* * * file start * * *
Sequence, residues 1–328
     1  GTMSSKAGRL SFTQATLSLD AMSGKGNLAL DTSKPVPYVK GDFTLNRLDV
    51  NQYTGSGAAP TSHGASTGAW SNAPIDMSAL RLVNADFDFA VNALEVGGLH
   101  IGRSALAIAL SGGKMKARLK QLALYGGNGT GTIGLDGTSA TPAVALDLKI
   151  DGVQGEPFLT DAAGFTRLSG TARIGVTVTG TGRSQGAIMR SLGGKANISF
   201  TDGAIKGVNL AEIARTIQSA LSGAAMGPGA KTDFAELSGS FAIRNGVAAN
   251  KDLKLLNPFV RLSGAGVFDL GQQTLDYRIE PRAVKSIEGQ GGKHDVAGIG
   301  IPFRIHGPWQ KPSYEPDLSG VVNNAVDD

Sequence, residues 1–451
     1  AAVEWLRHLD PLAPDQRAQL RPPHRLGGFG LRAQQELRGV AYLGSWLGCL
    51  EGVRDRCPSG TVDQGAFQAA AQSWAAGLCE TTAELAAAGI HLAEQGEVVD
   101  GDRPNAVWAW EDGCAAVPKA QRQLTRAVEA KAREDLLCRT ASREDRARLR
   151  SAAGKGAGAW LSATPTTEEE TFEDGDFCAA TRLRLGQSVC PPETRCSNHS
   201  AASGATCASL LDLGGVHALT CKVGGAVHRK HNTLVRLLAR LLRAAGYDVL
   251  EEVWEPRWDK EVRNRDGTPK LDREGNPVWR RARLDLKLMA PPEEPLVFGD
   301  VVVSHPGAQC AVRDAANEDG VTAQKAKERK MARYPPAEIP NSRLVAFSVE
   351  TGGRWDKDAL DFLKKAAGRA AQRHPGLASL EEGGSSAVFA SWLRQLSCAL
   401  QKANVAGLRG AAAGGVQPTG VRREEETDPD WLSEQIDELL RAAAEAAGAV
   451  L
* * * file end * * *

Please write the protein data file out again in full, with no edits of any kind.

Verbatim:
Sequence, residues 1–328
     1  GTMSSKAGRL SFTQATLSLD AMSGKGNLAL DTSKPVPYVK GDFTLNRLDV
    51  NQYTGSGAAP TSHGASTGAW SNAPIDMSAL RLVNADFDFA VNALEVGGLH
   101  IGRSALAIAL SGGKMKARLK QLALYGGNGT GTIGLDGTSA TPAVALDLKI
   151  DGVQGEPFLT DAAGFTRLSG TARIGVTVTG TGRSQGAIMR SLGGKANISF
   201  TDGAIKGVNL AEIARTIQSA LSGAAMGPGA KTDFAELSGS FAIRNGVAAN
   251  KDLKLLNPFV RLSGAGVFDL GQQTLDYRIE PRAVKSIEGQ GGKHDVAGIG
   301  IPFRIHGPWQ KPSYEPDLSG VVNNAVDD

Sequence, residues 1–451
     1  AAVEWLRHLD PLAPDQRAQL RPPHRLGGFG LRAQQELRGV AYLGSWLGCL
    51  EGVRDRCPSG TVDQGAFQAA AQSWAAGLCE TTAELAAAGI HLAEQGEVVD
   101  GDRPNAVWAW EDGCAAVPKA QRQLTRAVEA KAREDLLCRT ASREDRARLR
   151  SAAGKGAGAW LSATPTTEEE TFEDGDFCAA TRLRLGQSVC PPETRCSNHS
   201  AASGATCASL LDLGGVHALT CKVGGAVHRK HNTLVRLLAR LLRAAGYDVL
   251  EEVWEPRWDK EVRNRDGTPK LDREGNPVWR RARLDLKLMA PPEEPLVFGD
   301  VVVSHPGAQC AVRDAANEDG VTAQKAKERK MARYPPAEIP NSRLVAFSVE
   351  TGGRWDKDAL DFLKKAAGRA AQRHPGLASL EEGGSSAVFA SWLRQLSCAL
   401  QKANVAGLRG AAAGGVQPTG VRREEETDPD WLSEQIDELL RAAAEAAGAV
   451  L